Janet Denison

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How to be a great dad

Ryan Denison and his daughter, showing off their new Atlanta Braves baseball hats, pose for a photo (Credit: Denison family) I thought about writing a Father's Day blog post, but I was afraid it would get lost in holiday, and the subject matter is too important. This was my first Father's Day since my dad died. I was surprised by my sadness. I'm so glad Dad is in heaven and whole again, but I really miss him.

At the same time, my oldest son Ryan celebrated his first Father's Day. Those of you who know Ryan remember that he was rarely seen without his Atlanta Braves cap. He still wears it whenever he can. For his first Father's Day I ordered him a new Braves hat with a matching one for Axia. The picture today is of the two of them, each grinning in those caps. (Time to buy another frame!)

Dads matter – a LOT! I want this to be another "conversation blog post." I want you to think about the best lesson your dad ever taught you, and then share it with the rest of us. I want to help dads, like Ryan and your sons, to be the strongest generation of fathers our country has seen.

Jim's Father's Day sermon was so good. He gave several statistics that I thought were very interesting and encouraging about the importance of a dad's role in the family. Jim said:

  • On the fathering front, there is good news to report. A recent survey reports that fathers are more involved than ever with their children. About 75 percent of fathers say being a dad is their most important job; 61 percent say they are more involved with their children than their father was with them.
  • 73 percent of parents say "a real man knows how to express emotional support to his children." According to Pew Research Center, the amount of time fathers spend on childcare and housework has grown from 6.5 hours a week in 1965 to 17 hours in 2011.
Jim also spoke about the importance of dads to the spiritual life of their children. He said:

  • Christianity was founded by a man and 12 male disciples. Men were engaged in the faith from its inception. But in the 19th century and the industrial revolution, more men began working in mines, mills and factories, far from their home and church. Women stayed behind and began doing most of the church work. Over time, church became a place for women, where men attended on Sunday morning, if at all.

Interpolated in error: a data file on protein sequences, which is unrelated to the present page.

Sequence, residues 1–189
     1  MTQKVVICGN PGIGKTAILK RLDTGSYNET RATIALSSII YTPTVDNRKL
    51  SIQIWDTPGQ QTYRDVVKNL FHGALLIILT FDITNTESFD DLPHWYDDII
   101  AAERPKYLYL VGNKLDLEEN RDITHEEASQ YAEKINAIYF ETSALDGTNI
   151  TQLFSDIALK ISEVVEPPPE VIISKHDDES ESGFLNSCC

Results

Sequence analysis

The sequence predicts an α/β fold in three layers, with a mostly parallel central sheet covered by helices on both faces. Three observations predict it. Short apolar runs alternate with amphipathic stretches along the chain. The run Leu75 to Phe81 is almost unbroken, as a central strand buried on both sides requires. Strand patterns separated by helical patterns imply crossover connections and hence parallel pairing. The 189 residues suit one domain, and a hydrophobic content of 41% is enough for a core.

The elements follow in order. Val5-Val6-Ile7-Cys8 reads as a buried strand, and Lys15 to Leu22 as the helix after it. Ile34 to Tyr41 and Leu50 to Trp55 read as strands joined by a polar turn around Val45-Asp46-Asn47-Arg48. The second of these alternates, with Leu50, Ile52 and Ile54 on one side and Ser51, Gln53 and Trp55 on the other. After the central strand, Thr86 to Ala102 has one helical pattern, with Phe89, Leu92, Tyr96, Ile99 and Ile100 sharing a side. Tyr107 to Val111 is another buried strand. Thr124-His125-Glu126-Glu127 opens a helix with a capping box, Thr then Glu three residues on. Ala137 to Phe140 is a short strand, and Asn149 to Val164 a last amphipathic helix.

• Today, only one out of six men goes to church. In a typical church service, only 39 percent are men.
  • It's a shame that many men don't connect with faith and church, because churchgoers are more likely to express a high level of satisfaction with life.
  • Worship attendance is the most important predictor of marital stability: those who attend worship are 25-50% less likely to divorce than those who don't.
  • Religious involvement helps men be more engaged husbands and fathers. And teenagers who have religious fathers are more likely to say they enjoy spending time with them.
Jim has always been a busy dad, but he always found a LOT of time for our sons. Most nights, when the boys were young, I would listen as Jim told Ryan and Craig a Bible story. Then he prayed with them, and tucked them in. On the nights he was gone, I did that job. We did that with our boys for many years, until gradually handing them the responsibility for their own relationship with God.

One of my favorite verses in the Psalms is 131:2. It says, "But I have calmed and quieted my soul, like a weaned child with its mother; like a weaned child is my soul within me."

My word of advice to dads (and moms) comes from that passage. Our most important job as a parent is to teach our children how to have a personal relationship with God as their King. They begin that relationship by listening to us tell them Bible stories, then teaching them what those stories mean. But eventually, we need to "wean" them spiritually to read, study and interpret the Scripture on their own, with the Holy Spirit's guidance.

A calm and quiet soul is found in a person who walks with God, and loves God.  That relationship requires a deep knowledge of God. Too often we go to God for what we can get or for what we need, instead of going to him in love, simply seeking his Presence. An unweaned child goes to its mother when he or she is hungry. We need to wean our children spiritually, like we weaned them physically. Parents can teach their children to go to God, simply because they love him and want to spend time with him. But moms and dads must share the job of "feeding them." In fact, the older the children get, the more important a dad's role in feeding them becomes.

Please use the comment section below to share your own thoughts or advice about what it means to be a great and godly dad. I'm hoping that this blog will help a lot of men be the best dads they can be!

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